Pocket Reporter, your personal “news editor in your pocket”, has been given a makeover that includes lots of new election reporting templates and resources, just in time for South Africa’s General Election.
While the election resources are specific to South Africa, the reporting templates are relevant to any country where elections are being held. Other templates in the tool include health services, hard news and service delivery.
Several important changes have also been made to the tool in the new version, based on user feedback. But one thing that hasn’t changed is that Pocket Reporter remains free to use – and you don’t need to sign up and share personal information to use it.
Although the tool was designed with smartphone users reporting in the field in mind, Pocket Reporter is a responsive web application that automatically adjusts to the size of the screen on which you are viewing it.
When you visit Pocket Reporter for the first time on a smartphone, you will be prompted to add Pocket Reporter to your device’s home screen. This means that from then on, you just have to click the Pocket Reporter icon on your phone to load the tool in offline mode, so you don’t consume data while recording your story on your chosen template. You only need to go online to send your story.
The tool is collaboration between Cape Town-based civic tech organisation OpenUp and the Association of Independent Publishers (AIP). Originally, much of the work on the tool was done on a voluntary basis, but the new tool was built with funding support from the South African Media Innovation Programme. The latest version of Pocket Reporter is just the latest development of an idea that began life over two decades ago, when the internet was brand new and many believed it was just a just a passing fad.
The genesis of Pocket Reporter lies in a reporter’s notebook conceptualised by veteran United States journalist and journalism educator Melvin Mencher, who realised there was a need to ensure that less experienced reporters had practical support in the field.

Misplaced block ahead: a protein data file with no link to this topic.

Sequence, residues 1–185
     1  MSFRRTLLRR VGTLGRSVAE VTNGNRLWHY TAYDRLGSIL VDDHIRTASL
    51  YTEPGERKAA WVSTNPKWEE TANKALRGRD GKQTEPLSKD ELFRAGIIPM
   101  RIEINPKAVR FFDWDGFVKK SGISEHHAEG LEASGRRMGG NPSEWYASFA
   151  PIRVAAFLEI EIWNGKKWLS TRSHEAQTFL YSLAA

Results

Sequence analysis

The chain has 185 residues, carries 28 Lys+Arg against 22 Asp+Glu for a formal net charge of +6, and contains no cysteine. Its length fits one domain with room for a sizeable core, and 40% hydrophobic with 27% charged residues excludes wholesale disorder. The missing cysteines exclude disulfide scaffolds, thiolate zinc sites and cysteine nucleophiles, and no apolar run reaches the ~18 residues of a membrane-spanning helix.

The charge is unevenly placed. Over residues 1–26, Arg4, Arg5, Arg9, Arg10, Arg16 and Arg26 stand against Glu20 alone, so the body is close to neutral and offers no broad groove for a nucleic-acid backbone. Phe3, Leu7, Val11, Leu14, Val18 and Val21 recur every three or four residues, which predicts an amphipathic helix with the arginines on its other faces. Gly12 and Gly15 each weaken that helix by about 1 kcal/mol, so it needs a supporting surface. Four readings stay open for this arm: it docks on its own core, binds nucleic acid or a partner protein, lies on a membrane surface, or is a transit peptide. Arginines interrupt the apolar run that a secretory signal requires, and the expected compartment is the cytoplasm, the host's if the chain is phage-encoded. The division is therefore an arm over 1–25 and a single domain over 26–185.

The result was Mencher’s Reporter’s Notebook and Checklist, a “tool” that was brilliant in its simplicity. It consisted of a standard spiral bound reporter’s notebook that also included tips and hint for young reporters and templates for a variety of stories – including a crime, a fire, and a motor car crash, listing essential questions to ask while reporting a story.
A year later Cape Town journalist Kanthan Pillay was introduced to Mencher’s notebook when he spent a few months at the Harvard Business School and the Nieman Foundation in the US. On his return to South Africa Pillay developed an online website based on Mencher’s “tool”, which he named Virtual Reporter. “Mencher’s notebook got me thinking about what we could do with it in South Africa,” says Pillay. “I believed then that the next generation of reporters would not carry notebooks, but would work online.”
The 21st Century iterations of the tool, in an age where any smartphone user can be a reporter, are aimed at more than just journalists. Ordinary people without journalism training often find themselves on the frontline of breaking news, not knowing what questions to ask and what to look out for.
Pocket Reporter is more than just a reporting tool: it is also an excellent example of how civic tech can help solve a real world problem.
Find Pocket Reporter at app.pocketreporter.co.za For a tutorial on how to use Pocket Reporter here: